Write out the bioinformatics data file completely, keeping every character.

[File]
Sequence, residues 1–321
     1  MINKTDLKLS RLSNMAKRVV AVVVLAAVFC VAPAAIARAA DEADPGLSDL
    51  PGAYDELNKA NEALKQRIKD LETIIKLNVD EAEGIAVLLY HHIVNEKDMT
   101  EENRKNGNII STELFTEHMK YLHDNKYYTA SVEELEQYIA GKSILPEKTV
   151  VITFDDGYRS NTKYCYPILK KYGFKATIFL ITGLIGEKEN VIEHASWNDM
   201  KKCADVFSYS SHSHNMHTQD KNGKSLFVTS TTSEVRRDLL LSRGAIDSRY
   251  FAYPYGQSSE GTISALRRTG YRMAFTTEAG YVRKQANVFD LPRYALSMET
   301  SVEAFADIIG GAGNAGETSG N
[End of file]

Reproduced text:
Sequence, residues 1–321
     1  MINKTDLKLS RLSNMAKRVV AVVVLAAVFC VAPAAIARAA DEADPGLSDL
    51  PGAYDELNKA NEALKQRIKD LETIIKLNVD EAEGIAVLLY HHIVNEKDMT
   101  EENRKNGNII STELFTEHMK YLHDNKYYTA SVEELEQYIA GKSILPEKTV
   151  VITFDDGYRS NTKYCYPILK KYGFKATIFL ITGLIGEKEN VIEHASWNDM
   201  KKCADVFSYS SHSHNMHTQD KNGKSLFVTS TTSEVRRDLL LSRGAIDSRY
   251  FAYPYGQSSE GTISALRRTG YRMAFTTEAG YVRKQANVFD LPRYALSMET
   301  SVEAFADIIG GAGNAGETSG N